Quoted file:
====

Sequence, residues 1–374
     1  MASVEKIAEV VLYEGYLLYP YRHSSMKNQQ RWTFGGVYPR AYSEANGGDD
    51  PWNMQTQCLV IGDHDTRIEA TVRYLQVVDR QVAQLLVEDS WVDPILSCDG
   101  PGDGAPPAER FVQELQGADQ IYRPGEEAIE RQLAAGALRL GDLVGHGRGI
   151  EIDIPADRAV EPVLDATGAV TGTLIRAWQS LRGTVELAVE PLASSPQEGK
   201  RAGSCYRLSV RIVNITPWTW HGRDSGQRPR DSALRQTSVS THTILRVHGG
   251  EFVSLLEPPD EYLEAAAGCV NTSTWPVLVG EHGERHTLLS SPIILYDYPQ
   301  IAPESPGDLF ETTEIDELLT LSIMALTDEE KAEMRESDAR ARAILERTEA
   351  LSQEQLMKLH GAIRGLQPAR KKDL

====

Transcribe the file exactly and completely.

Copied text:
Sequence, residues 1–374
     1  MASVEKIAEV VLYEGYLLYP YRHSSMKNQQ RWTFGGVYPR AYSEANGGDD
    51  PWNMQTQCLV IGDHDTRIEA TVRYLQVVDR QVAQLLVEDS WVDPILSCDG
   101  PGDGAPPAER FVQELQGADQ IYRPGEEAIE RQLAAGALRL GDLVGHGRGI
   151  EIDIPADRAV EPVLDATGAV TGTLIRAWQS LRGTVELAVE PLASSPQEGK
   201  RAGSCYRLSV RIVNITPWTW HGRDSGQRPR DSALRQTSVS THTILRVHGG
   251  EFVSLLEPPD EYLEAAAGCV NTSTWPVLVG EHGERHTLLS SPIILYDYPQ
   301  IAPESPGDLF ETTEIDELLT LSIMALTDEE KAEMRESDAR ARAILERTEA
   351  LSQEQLMKLH GAIRGLQPAR KKDL